The most beautiful blue is striped with yellow to make what appears to the eye to be almost a periwinkle blue, running the vertical length of this cloth. Highlighting sections of yellow, burgundy, and green add great pops of color. This is a smaller (woman's) cloth; it would make a beautiful wall hanging or tablecloth (see decor idea in the last picture).
This piece does show some age and love. It is very soft and supple. Some of the strips have split apart slightly, but this could easily be restitched. and repaired.
Ewe cloth comes from the Ewe ("e-vay") people who live in southeastern Ghana and Togo. Ewe cloth is woven on a loom similar to that of the Asante Kente cloth, though Ewe cloth is more elaborate and expressive than the Asante Kente cloth. This is because the Ewe weavers are not confined by the court-regulated designs that the Kente cloth weavers are restricted by.
Ewe weavers do their weavings for sale and to take to market and therefore can express themselves freely. These rich cloths are highly collectible due to the intricate patterns and quality of workmanship.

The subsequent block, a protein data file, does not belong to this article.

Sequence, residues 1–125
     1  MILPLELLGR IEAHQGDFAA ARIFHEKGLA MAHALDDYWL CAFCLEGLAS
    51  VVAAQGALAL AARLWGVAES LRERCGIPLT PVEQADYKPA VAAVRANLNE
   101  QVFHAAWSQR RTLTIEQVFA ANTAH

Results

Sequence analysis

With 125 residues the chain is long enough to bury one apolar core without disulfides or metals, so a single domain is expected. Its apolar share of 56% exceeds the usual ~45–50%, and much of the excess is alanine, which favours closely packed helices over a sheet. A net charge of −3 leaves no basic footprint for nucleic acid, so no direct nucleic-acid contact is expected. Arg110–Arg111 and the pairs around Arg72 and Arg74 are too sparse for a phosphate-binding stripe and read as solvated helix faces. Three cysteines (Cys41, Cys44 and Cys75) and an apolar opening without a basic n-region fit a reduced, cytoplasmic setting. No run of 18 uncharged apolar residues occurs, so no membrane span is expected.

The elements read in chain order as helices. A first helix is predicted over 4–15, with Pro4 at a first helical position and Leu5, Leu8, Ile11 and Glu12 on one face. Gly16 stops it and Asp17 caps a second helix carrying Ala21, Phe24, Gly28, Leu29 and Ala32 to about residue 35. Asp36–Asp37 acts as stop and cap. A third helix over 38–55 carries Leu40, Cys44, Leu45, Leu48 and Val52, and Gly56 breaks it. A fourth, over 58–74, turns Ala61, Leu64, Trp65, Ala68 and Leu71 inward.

Etymology of the word "ewe" says that one potential origin of the word comes from the strength of the fabric. Ewe means "that which does not tear." The strength of this fabric would make it perfect upholstery! Couches, pillows, ottomans, just imagine the look this could make in your house.
This particular fabric was made in the 1970's. It is in beautiful condition. 12 strips of woven cloth that are just under 3" wide are stitched together to make a beautifully rich and intricate pattern. Cotton, the entire cloth measures 69" x 33" (5ft, 9" x 2 ft, 9"). This is a woman's cloth, which would be worn wrapped around the body sarong-style.
Ewe weavers still weave today, which is how these vintage cloths are still made available.
Finished edges all the way around.
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**As many of my products come from Nepal, a portion of my proceeds will be donated to the Unicef and Americares Nepali relief efforts. **
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